De facto states research unit

Parent State’s Support for Left-behind Minorities: Some Documented Evidence from Moldova, Georgia and Serbia


When de facto states emerge, rarely do their respective authorities find themselves governing over ethnically homogenous populations in the territories they control. Some exceptions, like Northern Cyprus, exist; however, even in such cases a few hundred left-behind minorities still remain. My attempt in this piece is to cast some light on the rather unexplored area in de facto state research; namely, the extent to and ways in which parent states engage with their respective left-behind ethnic kins under the de facto state authorities and territories. At an outset, when looking at how Moldova, Georgia, and Serbia deal with their left-behind minorities, there seems to be a stark variation among them. I shall also try to give some initial hunches on why that may be the case.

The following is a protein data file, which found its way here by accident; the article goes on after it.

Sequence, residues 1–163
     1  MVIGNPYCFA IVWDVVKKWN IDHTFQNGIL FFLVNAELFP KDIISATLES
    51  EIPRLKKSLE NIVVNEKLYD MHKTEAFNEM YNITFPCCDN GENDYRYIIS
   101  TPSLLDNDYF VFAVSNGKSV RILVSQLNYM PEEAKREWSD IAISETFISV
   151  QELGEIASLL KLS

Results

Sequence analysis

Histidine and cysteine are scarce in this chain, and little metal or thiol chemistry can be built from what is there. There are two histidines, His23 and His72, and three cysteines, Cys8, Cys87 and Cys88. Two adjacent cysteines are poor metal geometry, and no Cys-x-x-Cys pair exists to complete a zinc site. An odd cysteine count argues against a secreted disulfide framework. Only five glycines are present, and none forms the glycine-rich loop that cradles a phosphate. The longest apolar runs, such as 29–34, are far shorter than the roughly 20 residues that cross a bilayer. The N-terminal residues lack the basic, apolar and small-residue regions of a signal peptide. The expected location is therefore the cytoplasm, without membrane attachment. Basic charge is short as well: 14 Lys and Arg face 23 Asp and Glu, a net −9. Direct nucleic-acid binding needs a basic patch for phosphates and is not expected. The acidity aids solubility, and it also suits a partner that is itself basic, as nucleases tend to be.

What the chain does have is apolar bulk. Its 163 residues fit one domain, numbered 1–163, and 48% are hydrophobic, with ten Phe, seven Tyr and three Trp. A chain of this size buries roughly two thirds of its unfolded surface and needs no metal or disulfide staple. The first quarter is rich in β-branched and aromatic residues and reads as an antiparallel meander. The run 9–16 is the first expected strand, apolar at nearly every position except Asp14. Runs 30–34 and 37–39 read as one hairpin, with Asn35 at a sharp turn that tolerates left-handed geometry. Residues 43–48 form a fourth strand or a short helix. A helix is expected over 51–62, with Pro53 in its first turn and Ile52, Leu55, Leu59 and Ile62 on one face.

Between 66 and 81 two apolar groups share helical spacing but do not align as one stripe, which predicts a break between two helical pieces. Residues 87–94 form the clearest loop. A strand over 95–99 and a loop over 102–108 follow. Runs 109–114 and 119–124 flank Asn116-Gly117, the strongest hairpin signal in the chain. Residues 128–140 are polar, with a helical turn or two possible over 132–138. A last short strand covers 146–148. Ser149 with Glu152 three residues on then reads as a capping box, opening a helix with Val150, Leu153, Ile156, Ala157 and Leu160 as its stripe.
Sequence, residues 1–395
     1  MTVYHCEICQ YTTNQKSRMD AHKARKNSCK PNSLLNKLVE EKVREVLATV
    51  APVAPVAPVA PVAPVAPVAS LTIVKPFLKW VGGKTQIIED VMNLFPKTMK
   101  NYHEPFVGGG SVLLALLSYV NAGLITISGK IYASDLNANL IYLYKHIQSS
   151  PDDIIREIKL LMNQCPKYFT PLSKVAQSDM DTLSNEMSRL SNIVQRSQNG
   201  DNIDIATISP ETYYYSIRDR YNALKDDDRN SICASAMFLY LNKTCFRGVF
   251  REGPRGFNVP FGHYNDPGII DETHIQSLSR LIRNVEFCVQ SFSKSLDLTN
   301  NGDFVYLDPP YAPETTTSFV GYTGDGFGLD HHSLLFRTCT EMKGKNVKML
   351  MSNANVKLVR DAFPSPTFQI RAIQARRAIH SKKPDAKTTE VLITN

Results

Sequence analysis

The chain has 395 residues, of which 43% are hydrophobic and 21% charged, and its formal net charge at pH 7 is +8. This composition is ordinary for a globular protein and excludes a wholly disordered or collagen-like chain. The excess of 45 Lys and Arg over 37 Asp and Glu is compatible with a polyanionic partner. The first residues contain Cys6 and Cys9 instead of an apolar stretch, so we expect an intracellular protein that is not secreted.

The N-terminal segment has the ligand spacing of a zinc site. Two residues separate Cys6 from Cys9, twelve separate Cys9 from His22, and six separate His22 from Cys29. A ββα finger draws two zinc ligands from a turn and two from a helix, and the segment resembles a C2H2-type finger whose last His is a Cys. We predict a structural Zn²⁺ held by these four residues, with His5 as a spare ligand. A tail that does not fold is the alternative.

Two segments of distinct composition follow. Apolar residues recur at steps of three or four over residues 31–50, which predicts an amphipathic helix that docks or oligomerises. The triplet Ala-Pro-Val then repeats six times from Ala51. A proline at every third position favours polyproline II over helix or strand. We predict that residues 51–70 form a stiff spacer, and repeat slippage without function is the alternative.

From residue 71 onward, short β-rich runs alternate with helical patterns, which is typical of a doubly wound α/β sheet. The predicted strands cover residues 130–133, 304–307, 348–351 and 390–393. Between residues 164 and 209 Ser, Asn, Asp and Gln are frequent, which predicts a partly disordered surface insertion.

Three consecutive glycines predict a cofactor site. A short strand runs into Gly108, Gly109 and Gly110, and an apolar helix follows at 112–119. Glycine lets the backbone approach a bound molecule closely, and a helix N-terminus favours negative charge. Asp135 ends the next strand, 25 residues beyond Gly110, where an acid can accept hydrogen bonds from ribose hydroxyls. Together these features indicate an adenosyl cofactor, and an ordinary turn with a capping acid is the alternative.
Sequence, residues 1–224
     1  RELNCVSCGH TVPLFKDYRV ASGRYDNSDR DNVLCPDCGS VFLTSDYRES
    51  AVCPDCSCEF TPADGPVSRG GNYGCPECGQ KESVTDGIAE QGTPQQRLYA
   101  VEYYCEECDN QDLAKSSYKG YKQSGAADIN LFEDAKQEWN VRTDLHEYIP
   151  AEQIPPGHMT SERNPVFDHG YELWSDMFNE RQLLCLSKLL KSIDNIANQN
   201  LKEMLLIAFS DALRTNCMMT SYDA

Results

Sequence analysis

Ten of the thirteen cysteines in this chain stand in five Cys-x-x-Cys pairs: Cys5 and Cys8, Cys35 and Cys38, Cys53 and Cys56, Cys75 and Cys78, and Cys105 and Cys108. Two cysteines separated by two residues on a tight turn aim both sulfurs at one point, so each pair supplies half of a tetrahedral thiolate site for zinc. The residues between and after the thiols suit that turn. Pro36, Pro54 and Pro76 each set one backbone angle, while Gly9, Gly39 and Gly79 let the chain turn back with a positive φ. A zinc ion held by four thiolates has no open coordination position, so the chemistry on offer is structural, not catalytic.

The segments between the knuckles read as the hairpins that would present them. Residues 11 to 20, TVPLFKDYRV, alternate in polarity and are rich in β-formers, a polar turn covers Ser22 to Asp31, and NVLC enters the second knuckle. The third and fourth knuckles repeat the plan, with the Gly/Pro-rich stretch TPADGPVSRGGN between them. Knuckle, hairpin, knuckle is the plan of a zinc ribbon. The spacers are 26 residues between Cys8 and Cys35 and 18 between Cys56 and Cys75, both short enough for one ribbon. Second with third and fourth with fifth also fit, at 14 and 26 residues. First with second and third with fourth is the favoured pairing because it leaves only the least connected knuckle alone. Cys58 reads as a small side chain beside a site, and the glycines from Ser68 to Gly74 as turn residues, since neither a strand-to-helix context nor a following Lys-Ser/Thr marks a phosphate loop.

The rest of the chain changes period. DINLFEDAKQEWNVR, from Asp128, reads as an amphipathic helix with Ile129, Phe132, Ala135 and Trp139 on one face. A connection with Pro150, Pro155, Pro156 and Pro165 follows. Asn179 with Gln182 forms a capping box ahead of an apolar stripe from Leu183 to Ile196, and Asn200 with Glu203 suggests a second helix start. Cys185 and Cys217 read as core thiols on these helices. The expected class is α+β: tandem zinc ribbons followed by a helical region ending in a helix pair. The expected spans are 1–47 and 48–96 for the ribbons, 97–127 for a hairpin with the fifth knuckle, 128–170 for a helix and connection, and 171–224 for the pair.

Moldovans in Transnistria: A paradoxical sense of allegiance

Moldova could be said to have taken a stance of relative distance towards their left-behind minorities in Transnistria. Two main elements are crucial to understand Chișinău’s approach. Firstly, Transnistria is rather unique with Russian, Ukrainian and Moldovan populations taking an equal share in the pie of the de facto state’s ethnic composition. It is one of the rare cases where the left-behind minorities, in this case ethnic Moldovans residing in Transnistria, are not numerically inferior in relation to other ethnic minorities.